Ens. Frank Pulver
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Quotes for
Ens. Frank Pulver (Character)
from Mister Roberts (1955)

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Mister Roberts (1955)
[last lines]
Ensign Pulver: Captain, it is I, Ensign Pulver, and I just threw your stinkin' palm tree overboard! Now what's all this crud about no movie tonight?

Lt. 'Doc': That's mostly what makes physical heroism. Opportunity. It's a reflex. I think that seventy-five out of a hundred young males have that reflex. You take any one of them. Say even Frank Thurlowe Pulver, here. Put him into a B-29 over Japan, and you know what you'd have?
Doug Roberts: No I don't, Doctor.
Lt. 'Doc': You'd have Pulver, the Congressional Medal of Honor winner. Pulver, who single-handed shot down twenty-three attacking Zeros. Pulver who, with his bare hands, held together the severed wing struts of his plane, and with his bare feet successfully landed his mortally wounded plane on his home field. Reflex. It's like the knee jerk. Strike the patella tendon in any human being, you produce the knee jerk. Look.
[Doc hits Pulver in the knee and nothing happens]
Ensign Pulver: What's the matter, Doc?
Lt. 'Doc': Nothing, but stay out of B-29s, Frank, my boy.

Doug Roberts: Doc, he lies in his sack all day long, bores me silly with great, moronic plots against the captain. He's never carried out one of them.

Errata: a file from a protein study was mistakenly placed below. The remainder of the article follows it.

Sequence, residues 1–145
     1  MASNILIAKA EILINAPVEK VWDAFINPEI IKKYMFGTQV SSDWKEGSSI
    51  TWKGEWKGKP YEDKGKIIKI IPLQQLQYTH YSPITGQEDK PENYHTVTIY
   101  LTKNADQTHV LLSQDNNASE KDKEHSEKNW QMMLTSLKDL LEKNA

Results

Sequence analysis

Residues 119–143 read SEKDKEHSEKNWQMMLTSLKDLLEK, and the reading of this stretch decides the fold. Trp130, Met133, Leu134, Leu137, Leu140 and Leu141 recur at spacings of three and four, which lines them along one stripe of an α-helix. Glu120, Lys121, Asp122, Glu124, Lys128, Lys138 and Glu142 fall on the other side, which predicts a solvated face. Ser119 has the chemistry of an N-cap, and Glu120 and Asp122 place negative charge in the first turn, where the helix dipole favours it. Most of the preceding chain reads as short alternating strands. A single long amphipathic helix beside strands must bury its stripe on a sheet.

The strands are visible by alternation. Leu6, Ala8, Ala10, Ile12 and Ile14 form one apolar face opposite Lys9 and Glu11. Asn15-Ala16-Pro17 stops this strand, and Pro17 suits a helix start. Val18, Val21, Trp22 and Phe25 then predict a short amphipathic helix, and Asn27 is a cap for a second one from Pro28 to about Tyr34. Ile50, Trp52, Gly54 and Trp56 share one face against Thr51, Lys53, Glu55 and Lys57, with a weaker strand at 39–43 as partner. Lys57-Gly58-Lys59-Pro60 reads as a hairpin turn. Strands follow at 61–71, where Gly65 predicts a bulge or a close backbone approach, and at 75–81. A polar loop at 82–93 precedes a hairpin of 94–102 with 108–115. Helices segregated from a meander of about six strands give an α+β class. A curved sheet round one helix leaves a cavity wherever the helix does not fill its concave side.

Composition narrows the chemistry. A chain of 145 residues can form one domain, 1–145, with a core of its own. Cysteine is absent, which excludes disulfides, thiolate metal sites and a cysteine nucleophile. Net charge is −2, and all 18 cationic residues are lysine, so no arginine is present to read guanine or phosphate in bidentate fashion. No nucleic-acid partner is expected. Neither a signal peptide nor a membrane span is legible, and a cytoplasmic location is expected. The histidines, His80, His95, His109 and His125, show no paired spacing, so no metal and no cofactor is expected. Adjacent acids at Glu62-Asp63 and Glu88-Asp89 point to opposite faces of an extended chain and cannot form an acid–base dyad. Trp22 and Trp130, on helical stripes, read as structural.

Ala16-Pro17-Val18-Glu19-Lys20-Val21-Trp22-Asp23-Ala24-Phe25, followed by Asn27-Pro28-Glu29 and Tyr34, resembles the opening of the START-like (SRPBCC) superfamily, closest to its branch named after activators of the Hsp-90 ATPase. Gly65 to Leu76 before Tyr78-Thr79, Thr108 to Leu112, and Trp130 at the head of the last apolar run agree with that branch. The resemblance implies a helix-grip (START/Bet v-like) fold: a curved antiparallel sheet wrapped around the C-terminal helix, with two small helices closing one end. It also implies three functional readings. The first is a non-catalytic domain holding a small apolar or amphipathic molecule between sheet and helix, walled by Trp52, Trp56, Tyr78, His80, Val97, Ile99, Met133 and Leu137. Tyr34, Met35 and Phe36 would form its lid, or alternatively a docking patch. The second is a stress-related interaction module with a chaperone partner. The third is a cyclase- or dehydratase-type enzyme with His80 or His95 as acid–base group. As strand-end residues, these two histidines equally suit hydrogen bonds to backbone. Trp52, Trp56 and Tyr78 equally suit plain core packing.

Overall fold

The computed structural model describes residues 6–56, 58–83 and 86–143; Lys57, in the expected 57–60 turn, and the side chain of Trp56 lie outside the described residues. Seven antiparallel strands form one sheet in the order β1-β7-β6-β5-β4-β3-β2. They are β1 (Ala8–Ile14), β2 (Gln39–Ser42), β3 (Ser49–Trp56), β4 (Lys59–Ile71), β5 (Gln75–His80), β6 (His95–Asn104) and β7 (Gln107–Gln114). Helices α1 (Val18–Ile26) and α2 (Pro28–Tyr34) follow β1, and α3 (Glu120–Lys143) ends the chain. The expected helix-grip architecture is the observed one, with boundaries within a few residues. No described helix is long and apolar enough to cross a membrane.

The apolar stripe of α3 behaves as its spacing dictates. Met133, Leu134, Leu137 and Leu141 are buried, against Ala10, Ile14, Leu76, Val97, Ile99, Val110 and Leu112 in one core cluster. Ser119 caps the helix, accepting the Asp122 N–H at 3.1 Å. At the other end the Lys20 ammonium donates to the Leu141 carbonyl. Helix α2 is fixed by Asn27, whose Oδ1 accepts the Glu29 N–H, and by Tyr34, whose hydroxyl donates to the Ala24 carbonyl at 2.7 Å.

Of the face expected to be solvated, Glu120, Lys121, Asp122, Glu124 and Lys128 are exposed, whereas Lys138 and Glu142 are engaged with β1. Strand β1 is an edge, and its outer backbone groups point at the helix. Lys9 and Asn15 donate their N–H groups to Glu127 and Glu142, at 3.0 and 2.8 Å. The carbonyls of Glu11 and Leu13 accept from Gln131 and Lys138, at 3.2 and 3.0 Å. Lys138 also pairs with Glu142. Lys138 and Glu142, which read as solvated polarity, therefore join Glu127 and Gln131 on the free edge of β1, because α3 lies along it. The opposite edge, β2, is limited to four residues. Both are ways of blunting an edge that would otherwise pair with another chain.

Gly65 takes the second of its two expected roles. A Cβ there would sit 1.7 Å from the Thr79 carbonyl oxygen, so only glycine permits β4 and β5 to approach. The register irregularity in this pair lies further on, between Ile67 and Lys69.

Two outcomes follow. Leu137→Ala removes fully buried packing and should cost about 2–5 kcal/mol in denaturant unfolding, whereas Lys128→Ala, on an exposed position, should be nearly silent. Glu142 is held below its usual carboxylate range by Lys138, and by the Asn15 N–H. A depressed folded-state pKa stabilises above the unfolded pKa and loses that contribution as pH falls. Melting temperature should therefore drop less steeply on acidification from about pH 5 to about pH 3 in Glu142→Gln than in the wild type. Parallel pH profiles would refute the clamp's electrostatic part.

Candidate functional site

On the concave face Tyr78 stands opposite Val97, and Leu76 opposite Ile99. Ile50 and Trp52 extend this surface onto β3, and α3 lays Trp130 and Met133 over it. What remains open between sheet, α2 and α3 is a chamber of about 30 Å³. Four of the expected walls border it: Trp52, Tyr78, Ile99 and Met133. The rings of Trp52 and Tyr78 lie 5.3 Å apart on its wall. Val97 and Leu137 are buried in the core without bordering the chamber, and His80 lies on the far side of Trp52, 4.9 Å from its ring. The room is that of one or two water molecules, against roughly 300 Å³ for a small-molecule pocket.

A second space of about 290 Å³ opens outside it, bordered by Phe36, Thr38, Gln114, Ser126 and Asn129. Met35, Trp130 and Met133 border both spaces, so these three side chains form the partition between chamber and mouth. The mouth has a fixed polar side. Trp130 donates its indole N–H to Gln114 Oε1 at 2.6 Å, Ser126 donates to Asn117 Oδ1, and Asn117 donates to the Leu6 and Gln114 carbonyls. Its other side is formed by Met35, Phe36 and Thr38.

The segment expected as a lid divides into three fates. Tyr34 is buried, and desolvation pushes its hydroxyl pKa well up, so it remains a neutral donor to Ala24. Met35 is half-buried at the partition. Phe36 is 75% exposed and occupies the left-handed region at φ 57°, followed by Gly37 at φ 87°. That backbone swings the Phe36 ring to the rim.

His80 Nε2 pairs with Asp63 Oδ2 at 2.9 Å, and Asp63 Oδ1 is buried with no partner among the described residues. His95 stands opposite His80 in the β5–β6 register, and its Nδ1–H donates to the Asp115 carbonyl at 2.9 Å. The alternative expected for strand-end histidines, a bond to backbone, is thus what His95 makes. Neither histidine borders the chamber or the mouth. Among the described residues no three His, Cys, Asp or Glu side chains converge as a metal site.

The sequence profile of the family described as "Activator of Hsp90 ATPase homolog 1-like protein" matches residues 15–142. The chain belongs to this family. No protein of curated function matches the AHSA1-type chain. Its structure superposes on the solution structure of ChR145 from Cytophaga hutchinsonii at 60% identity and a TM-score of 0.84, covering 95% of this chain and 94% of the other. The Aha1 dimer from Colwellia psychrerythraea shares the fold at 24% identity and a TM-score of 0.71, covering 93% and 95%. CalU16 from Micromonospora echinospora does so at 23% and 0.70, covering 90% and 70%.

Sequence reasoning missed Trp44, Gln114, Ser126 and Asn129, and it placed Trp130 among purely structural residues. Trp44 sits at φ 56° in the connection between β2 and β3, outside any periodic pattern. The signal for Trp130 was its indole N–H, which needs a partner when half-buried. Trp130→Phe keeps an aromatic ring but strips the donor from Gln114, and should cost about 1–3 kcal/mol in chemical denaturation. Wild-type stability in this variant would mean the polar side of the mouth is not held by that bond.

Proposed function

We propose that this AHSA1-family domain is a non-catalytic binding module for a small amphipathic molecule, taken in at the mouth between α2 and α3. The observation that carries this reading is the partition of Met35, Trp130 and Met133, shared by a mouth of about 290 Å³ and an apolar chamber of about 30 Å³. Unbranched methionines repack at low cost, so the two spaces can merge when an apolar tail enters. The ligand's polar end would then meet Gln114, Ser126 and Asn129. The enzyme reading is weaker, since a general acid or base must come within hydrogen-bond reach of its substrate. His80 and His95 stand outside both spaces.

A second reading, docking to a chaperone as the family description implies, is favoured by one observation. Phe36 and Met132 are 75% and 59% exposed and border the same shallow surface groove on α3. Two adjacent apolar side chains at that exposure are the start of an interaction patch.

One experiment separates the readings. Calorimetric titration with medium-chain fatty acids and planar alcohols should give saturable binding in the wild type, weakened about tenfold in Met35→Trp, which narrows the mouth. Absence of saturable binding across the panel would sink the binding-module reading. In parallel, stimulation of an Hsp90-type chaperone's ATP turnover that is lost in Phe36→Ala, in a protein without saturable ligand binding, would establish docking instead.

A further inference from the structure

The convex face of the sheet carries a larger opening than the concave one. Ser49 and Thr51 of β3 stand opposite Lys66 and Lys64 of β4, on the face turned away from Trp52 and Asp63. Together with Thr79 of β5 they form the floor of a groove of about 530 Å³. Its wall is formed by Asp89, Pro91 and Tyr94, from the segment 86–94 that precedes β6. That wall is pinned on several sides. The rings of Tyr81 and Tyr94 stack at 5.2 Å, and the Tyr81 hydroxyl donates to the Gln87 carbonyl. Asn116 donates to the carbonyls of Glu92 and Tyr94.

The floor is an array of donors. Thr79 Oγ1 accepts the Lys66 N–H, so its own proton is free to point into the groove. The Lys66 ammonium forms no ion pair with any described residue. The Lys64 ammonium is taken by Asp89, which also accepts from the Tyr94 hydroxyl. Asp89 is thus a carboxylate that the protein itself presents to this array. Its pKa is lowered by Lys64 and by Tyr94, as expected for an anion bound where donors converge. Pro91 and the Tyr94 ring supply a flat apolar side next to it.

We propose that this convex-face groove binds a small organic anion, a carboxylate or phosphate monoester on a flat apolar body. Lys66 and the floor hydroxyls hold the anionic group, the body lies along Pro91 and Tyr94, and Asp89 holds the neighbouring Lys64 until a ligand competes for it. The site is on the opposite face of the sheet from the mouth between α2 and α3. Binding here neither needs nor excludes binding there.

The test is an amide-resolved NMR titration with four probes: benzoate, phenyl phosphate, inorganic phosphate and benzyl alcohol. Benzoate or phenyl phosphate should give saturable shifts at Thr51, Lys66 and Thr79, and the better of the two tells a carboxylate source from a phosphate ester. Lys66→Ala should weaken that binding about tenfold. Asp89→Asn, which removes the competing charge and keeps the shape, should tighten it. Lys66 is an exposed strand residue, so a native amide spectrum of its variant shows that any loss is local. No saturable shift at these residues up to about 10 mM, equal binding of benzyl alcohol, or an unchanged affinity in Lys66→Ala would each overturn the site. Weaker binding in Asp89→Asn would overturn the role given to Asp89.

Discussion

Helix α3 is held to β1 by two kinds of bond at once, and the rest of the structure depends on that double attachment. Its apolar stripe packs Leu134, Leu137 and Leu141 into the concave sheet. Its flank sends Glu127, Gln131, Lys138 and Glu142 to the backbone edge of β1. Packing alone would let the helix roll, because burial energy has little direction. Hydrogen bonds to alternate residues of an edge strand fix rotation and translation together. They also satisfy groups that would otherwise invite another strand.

Ensign Pulver: I haven't, huh?
Doug Roberts: No, Frank, you haven't. What ever happened to those marbles you were gonna put in the captain's overhead so they'd roll around all night and keep him awake?
Ensign Pulver: Now you've gone too far. Now you've asked for it.
[Pulls out a box]
Ensign Pulver: What does that look like? Five marbles. Got another one in my pocket. Six marbles. I'm looking for marbles all day long!

Doug Roberts: Doc, that new hospital hasn't got nurses, has it?
Lt. 'Doc': It didn't have yesterday.
Ensign Pulver: It has today.
Lt. 'Doc': And how did you find out they were there?
Ensign Pulver: It just came to me all of a sudden. I was lying on my bunk this morning, thinking. And there wasn't a breath of air. And all of a sudden, a funny thing happened. A little breeze came up, and I took a big, deep breath, and I said to myself "Pulver, boy, there's women on that island!"

Doug Roberts: Frank, I like you. There's no getting around the fact that you're a real likable guy.
Ensign Pulver: Yeah? Yeah!
Doug Roberts: But...
Ensign Pulver: But what?
Doug Roberts: Well, I also think you're the most hapless, lazy, disorganized, and in general most lecherous person I've ever known in my life.
Ensign Pulver: I am not!
Doug Roberts: You're not what?
Ensign Pulver: I am not disorganized!

Doug Roberts: You pretend you want me to improve your mind. You've never finished one book I've given you to read.
Ensign Pulver: I've finished "God's Little Acre," Doug boy!